With Gooding’s magical lead vocals, the group scored heavily on the 1972 single “Everybody Plays the Fool” and two hits from 1974, “Just Don’t Want to Be Lonely” and “Happiness Is Just Around The Bend.”

Comparing today’s music business with the 1970s, Gooding says he will never forget recording album projects live, on sound stages, accompanied by a 40-piece orchestra. “It doesn’t get any better than that. Today, talent and stardom is all dependent on whether American TV viewers call and vote for you, ala ‘American Idol.’”

The golden years also had its share of bad times, he said. “We found ourselves $250,000 in the hole, after paying for all those recording sessions, for all the musicians, the payola – all that was in RCA’s budget. We never got the lion’s share. That’s why Stevie (Wonder) created Black Bull Music, so he could get his (publishing) share from Berry Gordy and Motown.

“This is a business, but sadly, the ones who make all the money are the ones who have no musical talent at all. The lawyers, the agents, the managers, road managers, accountants – they get the money. And, you pray that the government doesn’t come and hit you before all of them get paid.”

During the interview Gooding discussed the deaths of “two of his good friends from the industry,” namely Edward “Sonny” Bivins and Winfred “Blue” Lovett, both of The Manhattans. “I knew those guys from early in our careers, because we were all from the New Jersey/New York area,” he said. “I’ll really miss them.”

On a more upbeat note, Gooding recounted his input in helping to rear two successful acting sons, Cuba Jr. and Omar. Another son, Thomas, is a bass player and works as musical director of Cuba Sr.’s touring band. There is also a daughter named April.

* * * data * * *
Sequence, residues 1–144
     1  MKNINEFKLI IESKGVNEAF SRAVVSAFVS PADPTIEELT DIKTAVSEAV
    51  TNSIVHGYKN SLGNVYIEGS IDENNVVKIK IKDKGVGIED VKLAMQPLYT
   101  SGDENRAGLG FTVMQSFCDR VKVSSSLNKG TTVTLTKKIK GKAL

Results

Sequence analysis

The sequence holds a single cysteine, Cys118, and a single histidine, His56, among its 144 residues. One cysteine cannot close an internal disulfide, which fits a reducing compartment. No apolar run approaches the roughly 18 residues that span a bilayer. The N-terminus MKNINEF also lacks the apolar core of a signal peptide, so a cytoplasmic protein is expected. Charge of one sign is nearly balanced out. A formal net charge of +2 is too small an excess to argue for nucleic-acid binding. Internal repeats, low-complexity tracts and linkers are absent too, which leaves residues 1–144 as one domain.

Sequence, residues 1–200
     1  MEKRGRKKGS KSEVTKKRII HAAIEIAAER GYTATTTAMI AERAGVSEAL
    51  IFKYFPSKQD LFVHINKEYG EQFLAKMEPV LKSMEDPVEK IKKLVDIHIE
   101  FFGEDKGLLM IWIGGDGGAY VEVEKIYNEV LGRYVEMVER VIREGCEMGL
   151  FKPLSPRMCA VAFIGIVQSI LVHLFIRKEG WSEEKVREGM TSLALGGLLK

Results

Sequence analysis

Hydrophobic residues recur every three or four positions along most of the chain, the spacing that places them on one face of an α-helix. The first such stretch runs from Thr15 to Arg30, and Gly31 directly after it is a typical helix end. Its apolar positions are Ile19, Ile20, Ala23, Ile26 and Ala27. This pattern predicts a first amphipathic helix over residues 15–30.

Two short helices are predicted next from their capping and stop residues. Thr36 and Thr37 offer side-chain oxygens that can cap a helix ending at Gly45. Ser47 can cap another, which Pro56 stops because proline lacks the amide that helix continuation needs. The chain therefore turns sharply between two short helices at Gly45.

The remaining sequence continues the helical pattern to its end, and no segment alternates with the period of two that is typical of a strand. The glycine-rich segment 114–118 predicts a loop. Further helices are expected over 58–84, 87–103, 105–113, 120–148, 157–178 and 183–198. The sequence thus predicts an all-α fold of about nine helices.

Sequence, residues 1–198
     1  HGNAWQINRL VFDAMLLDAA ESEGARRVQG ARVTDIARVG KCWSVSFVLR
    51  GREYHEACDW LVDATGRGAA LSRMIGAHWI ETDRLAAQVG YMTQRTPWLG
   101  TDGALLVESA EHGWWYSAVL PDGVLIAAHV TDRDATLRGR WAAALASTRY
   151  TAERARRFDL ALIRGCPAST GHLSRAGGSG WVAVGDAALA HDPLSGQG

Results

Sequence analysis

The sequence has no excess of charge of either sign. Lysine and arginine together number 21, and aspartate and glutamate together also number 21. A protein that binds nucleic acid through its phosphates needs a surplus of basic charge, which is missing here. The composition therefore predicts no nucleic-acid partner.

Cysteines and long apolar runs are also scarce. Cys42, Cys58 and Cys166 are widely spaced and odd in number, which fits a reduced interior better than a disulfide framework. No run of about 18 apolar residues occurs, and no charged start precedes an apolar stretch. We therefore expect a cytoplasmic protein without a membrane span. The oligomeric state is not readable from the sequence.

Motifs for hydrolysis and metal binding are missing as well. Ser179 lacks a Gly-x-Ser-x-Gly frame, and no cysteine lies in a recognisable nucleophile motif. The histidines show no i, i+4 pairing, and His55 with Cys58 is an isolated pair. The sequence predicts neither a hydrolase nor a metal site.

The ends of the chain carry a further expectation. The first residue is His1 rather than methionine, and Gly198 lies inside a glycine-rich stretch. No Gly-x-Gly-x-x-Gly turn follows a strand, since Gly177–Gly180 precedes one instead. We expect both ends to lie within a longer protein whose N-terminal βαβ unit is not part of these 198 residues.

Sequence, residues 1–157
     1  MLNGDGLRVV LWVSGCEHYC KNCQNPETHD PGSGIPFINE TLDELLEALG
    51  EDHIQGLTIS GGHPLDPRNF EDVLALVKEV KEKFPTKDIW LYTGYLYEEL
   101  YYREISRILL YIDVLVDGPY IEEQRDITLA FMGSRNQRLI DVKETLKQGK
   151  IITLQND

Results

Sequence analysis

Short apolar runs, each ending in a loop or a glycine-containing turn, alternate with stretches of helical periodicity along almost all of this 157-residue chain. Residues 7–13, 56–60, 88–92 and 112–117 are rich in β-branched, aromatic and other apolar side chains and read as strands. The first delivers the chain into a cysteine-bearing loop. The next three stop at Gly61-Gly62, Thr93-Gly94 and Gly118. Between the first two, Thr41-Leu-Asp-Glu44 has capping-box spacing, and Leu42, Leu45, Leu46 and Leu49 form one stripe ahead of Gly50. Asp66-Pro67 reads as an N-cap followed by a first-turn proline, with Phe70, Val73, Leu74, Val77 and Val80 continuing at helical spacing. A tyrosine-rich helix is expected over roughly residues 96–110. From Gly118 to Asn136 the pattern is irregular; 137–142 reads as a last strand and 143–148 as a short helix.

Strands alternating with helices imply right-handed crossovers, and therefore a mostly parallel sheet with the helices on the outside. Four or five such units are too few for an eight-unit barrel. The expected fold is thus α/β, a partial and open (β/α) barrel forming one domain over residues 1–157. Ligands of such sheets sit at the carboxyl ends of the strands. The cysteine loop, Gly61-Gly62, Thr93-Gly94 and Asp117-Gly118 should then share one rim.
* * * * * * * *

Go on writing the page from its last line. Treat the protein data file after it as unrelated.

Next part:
On helping Cuba Jr. and Omar become actors, the older Gooding says, “I learned from my mom and dad that it was more important to be a parent. That means that I did what was necessary for them to be successful. I took that approach as if they were in a formal schooling environment. I taught them that it was important to be successful, and I taught them by example.  I also taught them martial arts.”

Mr. Gooding said he wanted to make it clear that he was not his sons’ sole positive influence. “Their mother played a major role in their development,” he said. “Their mother (Shirley Sullivan) taught them how to pronounce their words – to speak the King’s English properly so the people would respect you regardless of your education.  My answer is plain and simple – understand the responsibility of being a parent above and beyond being a biological father. I am truly blessed.  It was like my father was telling me what to say to them,” he said.

Gooding notes that after a long period of marriage, he eventually left the family for nearly 17 years, but regrouped and remarried his mate in the 1980s.